Chance is there from the word go. Always. And often, life just bursts out by accident and she is there to see it. She lets its happen, on the lookout, impatiently “vigilant and alert, available, my attention floating, determined not to miss any slight chance occurrence.” The material is impetuous and irredeemably so. It seizes the freedom she offers. Stelae, four meters tall, set in one go and there they are, unchangeable. Not a blister, not a flaw, no sign of weakness. A perfect upright, as though guided by an invisible plumb-line. A half-bag of blueish cement abandoned by a workman in the courtyard of her studio in 1973 changed her life – as a painter and sculptor – forever.
“The first time, there was mud all over the place, wire, dirty planks. I had one sheet of glass. I thought, the cement will like that. When I unmoulded it, the back was so smooth and it showed this intensity of life. Like a sky full of stars or the sea. It was like Life itself…”
“I had had this nostalgia for Rodin, Matisse, Giacometti…” Then the mundane gestures of a builder swept away the past, like a discipline, putting her “in direct contact with the heart of reality.”
Spilling her bowl onto a sheet of celluloid-based, Rhodoid plastic, she produced first Plaques, then Balls. Out of twists of cloth came Fruit. Out of plastic tubes (too runny, it won’t set and too solid, it blocks) come Stalks.
“After Plaques and Balls, Stalks and Folds were born of my ever-lively amazement at the transformation the material undergoes… My aim is to make as many of these privileged moments as possible… So that what occur are collections, or series on a similar theme.”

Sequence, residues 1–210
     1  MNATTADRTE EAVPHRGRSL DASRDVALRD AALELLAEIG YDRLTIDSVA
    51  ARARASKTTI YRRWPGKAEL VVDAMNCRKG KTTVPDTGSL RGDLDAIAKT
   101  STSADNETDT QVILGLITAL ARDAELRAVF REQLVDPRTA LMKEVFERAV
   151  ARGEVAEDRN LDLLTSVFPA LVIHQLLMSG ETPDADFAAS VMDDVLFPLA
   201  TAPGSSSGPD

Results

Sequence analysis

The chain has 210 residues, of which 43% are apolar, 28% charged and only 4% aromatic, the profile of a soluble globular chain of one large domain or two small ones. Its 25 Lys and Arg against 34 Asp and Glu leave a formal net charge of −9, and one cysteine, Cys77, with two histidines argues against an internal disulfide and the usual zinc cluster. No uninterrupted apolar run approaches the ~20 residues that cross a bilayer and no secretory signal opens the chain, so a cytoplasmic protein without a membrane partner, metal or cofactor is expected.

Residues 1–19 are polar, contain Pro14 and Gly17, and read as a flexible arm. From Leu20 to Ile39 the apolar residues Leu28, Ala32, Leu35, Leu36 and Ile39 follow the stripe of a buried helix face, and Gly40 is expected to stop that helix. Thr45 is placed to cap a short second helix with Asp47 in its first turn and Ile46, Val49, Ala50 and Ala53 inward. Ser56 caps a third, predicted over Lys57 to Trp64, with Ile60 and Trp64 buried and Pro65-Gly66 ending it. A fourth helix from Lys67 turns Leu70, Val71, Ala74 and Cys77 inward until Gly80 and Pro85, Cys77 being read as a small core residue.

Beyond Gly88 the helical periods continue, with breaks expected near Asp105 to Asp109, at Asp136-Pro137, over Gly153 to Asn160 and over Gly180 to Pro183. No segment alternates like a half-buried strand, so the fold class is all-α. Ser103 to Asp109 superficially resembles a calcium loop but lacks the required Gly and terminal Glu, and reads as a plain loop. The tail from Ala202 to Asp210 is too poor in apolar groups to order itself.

Sometimes, she cheats the setting process by laying the material first horizontally, in the direction of its flow, then, “it warms up as it sets, I touch it, I become cement. I turn it upright at the right moment so it hardens and settles.” Whence Folds, which were “born of the same desire to show nature free to work unhindered and to bring the material to show as much as possible of itself in the transformation, every fresh activation of the material generating a different surface texture. The new sculptures are simpler, stretched into great rectangular planes that seem smooth and tranquil.
Claude de Soria’s “naturally elemental” sculpture is part of a tradition of sculpture that stretches from precious discs of Chinese jade to thin Egyptian basalt wings. They are timeless. They speak of distant civilizations.
But are they not even closer to Picasso? Two of whose rigorous, Cubist statements – a 1909 Still Life and a 1908 Torso – the artist dedicatedly translated into bas-reliefs, interpreting the half-shadows as sensitive shifts from one plane to the next, each surface attentive to its own, exactly transcribed tension…
Those reliefs heralded her future “float-volume” plaques, whose obverse and reverse and thickness are touchable.” Like the panels Picasso used for his paintings in 1946… Had Picasso not wanted, precisely in the same spirit, with those big grey nudes painted on fibrous cement, to flatten sculpture into a few basic signs – circle, triangle, spiral – the sparseness of which served as punctuation to the joyous Bacchanalia of the Antipolis Suite? And the two monumental heads born at Boisgeloup, donated to the city of Antibes by Picasso in 1950, swollen with life, like sensuous and giant fetishes, are in their own way, a glorification of the same poor material whose discreet, matt-quality captures an intoxicating grey, almost miraculous light.
Amongst these, Claude de Soria’s creations have found their rightful place, far from the light of their hometown of Paris, to enjoy new adventures in under a Mediterranean sky.
Curator-General of National Museums,
From 1981 to 1991, Picasso Museum, Antibes, Director